Facebook CEO Mark Zuckerberg is planning to take two months of paternity leave following the birth of his daughter. This sends a strong message to all would-be fathers to get involved in the earliest stages of their newborn's life. Zuckerberg is only taking half of the time Facebook grants to male employees for paternity leave. Nevertheless, it sets a positive example to men worldwide on the responsibilities of fatherhood. The Facebook CEO wrote on his own Facebook page: "This is a very personal decision. Studies show that when working parents take time to be with their newborns, outcomes are better for the children and families." He added: "We're excited to start this next stage in our lives."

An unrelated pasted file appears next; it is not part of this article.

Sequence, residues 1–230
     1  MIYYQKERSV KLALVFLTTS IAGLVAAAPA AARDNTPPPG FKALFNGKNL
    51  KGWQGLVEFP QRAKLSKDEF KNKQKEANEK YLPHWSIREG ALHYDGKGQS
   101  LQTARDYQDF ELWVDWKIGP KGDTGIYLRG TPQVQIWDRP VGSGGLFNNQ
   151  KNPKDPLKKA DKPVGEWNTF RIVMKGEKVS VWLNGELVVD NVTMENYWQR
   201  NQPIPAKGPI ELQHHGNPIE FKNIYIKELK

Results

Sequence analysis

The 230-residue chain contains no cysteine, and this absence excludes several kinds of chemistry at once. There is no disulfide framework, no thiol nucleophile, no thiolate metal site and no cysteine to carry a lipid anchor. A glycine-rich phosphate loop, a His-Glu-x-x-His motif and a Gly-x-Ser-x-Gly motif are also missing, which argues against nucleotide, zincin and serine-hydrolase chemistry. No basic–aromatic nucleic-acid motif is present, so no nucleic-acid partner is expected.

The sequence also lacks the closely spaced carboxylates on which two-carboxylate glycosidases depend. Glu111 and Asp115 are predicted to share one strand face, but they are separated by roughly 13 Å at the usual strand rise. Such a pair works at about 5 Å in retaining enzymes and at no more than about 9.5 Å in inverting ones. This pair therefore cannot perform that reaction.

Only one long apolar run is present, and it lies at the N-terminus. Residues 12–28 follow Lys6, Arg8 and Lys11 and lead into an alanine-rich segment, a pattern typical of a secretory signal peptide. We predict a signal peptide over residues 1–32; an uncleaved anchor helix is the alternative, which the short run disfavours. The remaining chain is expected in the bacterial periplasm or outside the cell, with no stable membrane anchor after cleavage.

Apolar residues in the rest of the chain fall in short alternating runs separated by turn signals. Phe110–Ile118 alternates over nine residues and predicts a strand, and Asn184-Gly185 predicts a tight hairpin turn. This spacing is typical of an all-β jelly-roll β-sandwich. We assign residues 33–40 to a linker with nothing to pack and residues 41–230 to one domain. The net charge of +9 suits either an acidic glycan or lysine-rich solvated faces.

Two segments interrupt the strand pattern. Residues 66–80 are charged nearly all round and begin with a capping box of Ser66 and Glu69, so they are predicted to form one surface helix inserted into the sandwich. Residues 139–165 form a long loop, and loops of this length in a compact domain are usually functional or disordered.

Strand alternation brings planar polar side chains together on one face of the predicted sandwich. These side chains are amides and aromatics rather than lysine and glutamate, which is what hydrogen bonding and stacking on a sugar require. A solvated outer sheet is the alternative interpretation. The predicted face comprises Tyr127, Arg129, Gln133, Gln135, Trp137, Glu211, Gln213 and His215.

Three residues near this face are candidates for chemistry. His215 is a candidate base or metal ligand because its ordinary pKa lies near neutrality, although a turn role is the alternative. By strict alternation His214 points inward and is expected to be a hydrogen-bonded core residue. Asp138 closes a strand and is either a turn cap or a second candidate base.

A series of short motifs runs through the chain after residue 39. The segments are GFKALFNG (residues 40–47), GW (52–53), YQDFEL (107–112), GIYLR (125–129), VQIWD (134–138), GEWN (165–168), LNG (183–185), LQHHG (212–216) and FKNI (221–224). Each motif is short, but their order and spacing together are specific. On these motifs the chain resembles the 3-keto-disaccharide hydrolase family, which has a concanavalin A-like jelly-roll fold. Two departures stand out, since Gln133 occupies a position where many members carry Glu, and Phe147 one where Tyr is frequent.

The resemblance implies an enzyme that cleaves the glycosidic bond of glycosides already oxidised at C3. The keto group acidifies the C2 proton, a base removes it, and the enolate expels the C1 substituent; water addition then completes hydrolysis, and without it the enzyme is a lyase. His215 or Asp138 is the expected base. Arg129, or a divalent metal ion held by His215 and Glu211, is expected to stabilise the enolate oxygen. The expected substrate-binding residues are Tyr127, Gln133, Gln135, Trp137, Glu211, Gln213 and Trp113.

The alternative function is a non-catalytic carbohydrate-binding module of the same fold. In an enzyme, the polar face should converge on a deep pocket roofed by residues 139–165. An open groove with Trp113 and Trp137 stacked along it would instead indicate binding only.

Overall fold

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Over the past few decades, more and more companies have been giving men fully paid paternity leave. However, many men appear somewhat reluctant to take advantage of this benefit. Technology companies are often in the forefront of looking after employees, but even their male employees have been hesitant to utilise the perk. Many male workers prefer to continue working out of fear of falling behind on projects or missing out on promotions. Just 2 per cent of businesses in the UK reported a significant increase in the amount of paternity leave taken recently. Chris Parke, an employment specialist from London, offered some advice for men who were unsure about taking paternity leave: "Be courageous," he said.